Indra Nooyi, Former CEO of PepsiCo, on Nurturing Talent in Turbulent Times

Indra Nooyi, Former CEO of PepsiCo, on Nurturing Talent in Turbulent Times

By Adi Ignatius


For episode 2 of the HBR video series “The New World of Work”, editor in chief Adi Ignatius sits down with former chairman and CEO of PepsiCo, Indra Noori, to discuss her ideas for how the corporate world needs to evolve. She pushes for leaders to realize the importance of their role in setting the tone to achieve equitable workplaces. Diversity is about numbers, she says, while inclusiveness is a mindset–a mindset that needs to come from the top. She also talks about steps necessary to realize a more humane form of capitalism, one that realizes that workers are the engines of the economy and that they all come from families, communities, and larger contexts that need to be part of the discussion around what fair work looks like.


Indra Nooyi has ideas for how the corporate world needs to evolve. HBR editor in chief Adi Ignatius sat down with the former CEO and chairman of PepsiCo to discuss the power of purpose in driving the strategy, triumphs, and setbacks she experienced as one of the few women running a Fortune 500 company, and how important leadership is for creating truly inclusive workplaces. She urges us to think about how to take care of all workers, at all phases of the supply chain, with a focus on paid leave, and reminds us not to forget essential workers in our discussions about the future of the workplace.

This interview is the second in a new video series called “The New World of Work,” which will explore how top-tier executives see the future and how their companies are trying to set themselves up for success. Each week, Adi will interview a leader on LinkedIn Live — and then share an inside look at those conversations and solicit questions for future discussions in a newsletter just for HBR subscribers. If you’re a subscriber, you can sign up for the newsletter here.


ADI IGNATIUS: We have great guest today: Indra Nooyi. She was born in India. She got her business degree in the US, and is having an amazing career in business, capped by her role as CEO at PepsiCo from 2006 until 2018. At Pepsi, she was probably best known for her Performance with Purpose approach, which was a strategy aimed at driving long-term growth while also trying to have a positive impact on society and the environment. She’s also just published a memoir about her life and work called My Life in Full: Work, Family, and Our Future. So Indra Nooyi, welcome to the show.

INDRA NOOYI: Thank you for having me, Adi. Such a privilege chatting with you.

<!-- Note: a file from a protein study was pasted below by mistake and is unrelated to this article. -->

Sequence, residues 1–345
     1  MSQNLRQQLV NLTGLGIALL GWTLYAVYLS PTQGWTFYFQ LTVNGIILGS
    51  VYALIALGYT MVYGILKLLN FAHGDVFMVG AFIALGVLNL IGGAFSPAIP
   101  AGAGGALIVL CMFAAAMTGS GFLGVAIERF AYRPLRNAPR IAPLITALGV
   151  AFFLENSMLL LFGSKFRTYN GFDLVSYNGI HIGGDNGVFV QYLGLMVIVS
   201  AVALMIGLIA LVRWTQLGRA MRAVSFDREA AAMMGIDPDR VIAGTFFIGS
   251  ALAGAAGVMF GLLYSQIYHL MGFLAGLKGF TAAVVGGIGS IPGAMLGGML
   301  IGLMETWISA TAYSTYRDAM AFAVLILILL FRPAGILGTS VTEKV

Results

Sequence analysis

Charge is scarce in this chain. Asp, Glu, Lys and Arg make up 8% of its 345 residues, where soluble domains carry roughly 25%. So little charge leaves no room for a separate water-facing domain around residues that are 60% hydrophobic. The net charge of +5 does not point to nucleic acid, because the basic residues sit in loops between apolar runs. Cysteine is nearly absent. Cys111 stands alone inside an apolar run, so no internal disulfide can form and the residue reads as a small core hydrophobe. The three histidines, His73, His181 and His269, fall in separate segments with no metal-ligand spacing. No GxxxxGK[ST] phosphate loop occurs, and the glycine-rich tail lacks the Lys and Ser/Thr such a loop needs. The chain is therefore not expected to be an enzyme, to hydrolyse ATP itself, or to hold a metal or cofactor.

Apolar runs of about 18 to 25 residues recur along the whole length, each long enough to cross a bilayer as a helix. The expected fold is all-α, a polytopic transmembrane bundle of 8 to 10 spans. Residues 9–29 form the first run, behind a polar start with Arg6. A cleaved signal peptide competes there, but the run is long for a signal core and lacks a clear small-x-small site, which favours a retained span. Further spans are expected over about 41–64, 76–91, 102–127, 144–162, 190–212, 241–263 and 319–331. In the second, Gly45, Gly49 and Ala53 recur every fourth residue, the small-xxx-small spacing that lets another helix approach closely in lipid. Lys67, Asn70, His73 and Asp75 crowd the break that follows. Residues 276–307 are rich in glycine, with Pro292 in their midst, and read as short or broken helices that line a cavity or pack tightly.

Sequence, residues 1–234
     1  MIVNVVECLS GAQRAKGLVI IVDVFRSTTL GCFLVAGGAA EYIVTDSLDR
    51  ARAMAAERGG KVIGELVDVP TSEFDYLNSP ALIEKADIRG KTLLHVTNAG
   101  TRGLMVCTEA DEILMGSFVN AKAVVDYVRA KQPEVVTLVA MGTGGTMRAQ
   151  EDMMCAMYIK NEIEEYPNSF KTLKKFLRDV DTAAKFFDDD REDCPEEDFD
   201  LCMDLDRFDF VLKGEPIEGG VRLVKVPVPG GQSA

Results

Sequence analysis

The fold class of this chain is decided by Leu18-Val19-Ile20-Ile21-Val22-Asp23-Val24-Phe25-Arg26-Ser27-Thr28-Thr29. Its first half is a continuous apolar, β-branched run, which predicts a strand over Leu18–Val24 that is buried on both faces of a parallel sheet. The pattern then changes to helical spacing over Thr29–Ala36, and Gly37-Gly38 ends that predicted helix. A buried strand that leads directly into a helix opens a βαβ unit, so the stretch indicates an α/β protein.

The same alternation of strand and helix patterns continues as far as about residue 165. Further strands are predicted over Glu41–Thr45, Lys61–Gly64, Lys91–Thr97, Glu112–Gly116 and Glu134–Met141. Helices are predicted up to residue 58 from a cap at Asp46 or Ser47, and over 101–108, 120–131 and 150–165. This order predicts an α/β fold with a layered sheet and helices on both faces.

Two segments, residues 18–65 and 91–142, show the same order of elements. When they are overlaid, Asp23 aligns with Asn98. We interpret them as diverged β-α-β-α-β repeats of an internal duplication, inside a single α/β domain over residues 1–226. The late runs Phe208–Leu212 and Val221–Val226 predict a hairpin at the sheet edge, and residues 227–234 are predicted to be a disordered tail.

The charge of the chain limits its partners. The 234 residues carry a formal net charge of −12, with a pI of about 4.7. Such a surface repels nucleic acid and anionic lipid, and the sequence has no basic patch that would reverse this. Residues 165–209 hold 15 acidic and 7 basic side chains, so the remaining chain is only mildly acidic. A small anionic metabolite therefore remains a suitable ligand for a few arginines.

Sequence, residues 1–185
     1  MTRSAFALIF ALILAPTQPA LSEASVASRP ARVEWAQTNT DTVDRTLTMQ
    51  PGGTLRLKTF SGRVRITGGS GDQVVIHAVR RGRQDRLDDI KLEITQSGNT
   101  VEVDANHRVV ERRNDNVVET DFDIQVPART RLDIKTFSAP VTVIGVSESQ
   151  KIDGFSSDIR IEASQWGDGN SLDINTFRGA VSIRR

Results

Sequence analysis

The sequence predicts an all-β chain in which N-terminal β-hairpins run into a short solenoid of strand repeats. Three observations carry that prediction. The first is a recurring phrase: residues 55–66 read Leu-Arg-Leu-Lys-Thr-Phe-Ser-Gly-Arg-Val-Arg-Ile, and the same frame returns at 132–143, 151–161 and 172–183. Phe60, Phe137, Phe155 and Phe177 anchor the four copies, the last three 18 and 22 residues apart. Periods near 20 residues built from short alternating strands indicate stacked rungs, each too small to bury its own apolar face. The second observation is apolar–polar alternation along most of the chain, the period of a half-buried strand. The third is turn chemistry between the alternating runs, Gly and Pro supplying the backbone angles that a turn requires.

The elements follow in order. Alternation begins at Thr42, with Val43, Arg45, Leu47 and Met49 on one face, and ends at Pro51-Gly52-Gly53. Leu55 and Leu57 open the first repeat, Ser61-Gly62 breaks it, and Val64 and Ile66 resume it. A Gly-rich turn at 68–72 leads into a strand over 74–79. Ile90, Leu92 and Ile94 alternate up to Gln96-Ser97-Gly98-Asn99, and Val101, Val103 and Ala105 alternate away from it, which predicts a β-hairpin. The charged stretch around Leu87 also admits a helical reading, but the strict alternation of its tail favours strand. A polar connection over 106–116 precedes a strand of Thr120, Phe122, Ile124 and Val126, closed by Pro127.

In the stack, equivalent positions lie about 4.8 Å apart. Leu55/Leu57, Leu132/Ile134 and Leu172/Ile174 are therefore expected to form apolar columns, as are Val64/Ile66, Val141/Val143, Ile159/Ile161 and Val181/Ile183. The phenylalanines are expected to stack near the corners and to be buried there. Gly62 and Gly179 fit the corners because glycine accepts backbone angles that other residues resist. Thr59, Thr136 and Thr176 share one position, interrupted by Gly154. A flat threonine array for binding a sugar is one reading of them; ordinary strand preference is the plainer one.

ADI IGNATIUS: It’s really a privilege to have you here. I read your book and it’s great. It’s very substantive, very personal, and I definitely urge our viewers to check it out. At one point in the book, you said that leaders need to anticipate and respond to shifts in culture. And I’d love to get your thoughts: Where are we right now? What are the big trends that are unfolding that you think will change the way we live and work?

INDRA NOOYI: One of the great things about stepping out as CEO is that you can look at the whole world with a level of objectivity and really understand what could happen to it over the next few years. I believe this pandemic was perhaps the most disruptive event in the lives of most companies, the lives of most people. None of us living on the planet had been through the Spanish Flu of 1918. So, we don’t know what a lockdown, a pandemic-driven shutdown looks like, and we all experienced it as a world. This is the first time three quarters of the world shut down simultaneously. We’re only now slowly coming out of it. And one of the challenges we have is everybody’s looking for answers on what the future of work and the workplace is going to look like, as if we need to make a decision immediately.

I honestly believe, Adi, this is a time we have to think about scenarios, not about one solution, but scenarios, because people got used to working from home. People got fed up of working from home. People saw children at home not going to school. People saw childcare shutting down. So we had many extraneous factors that impacted how people liked or didn’t like working from home. So I would honestly suggest that we take the next year to do a whole bunch of experiments on what the future of work, the future of the workforce and the workplace could be, and then evolve the right model for the right jobs.

Read the rest @





Related Articles

Leave a Reply

Your email address will not be published. Required fields are marked *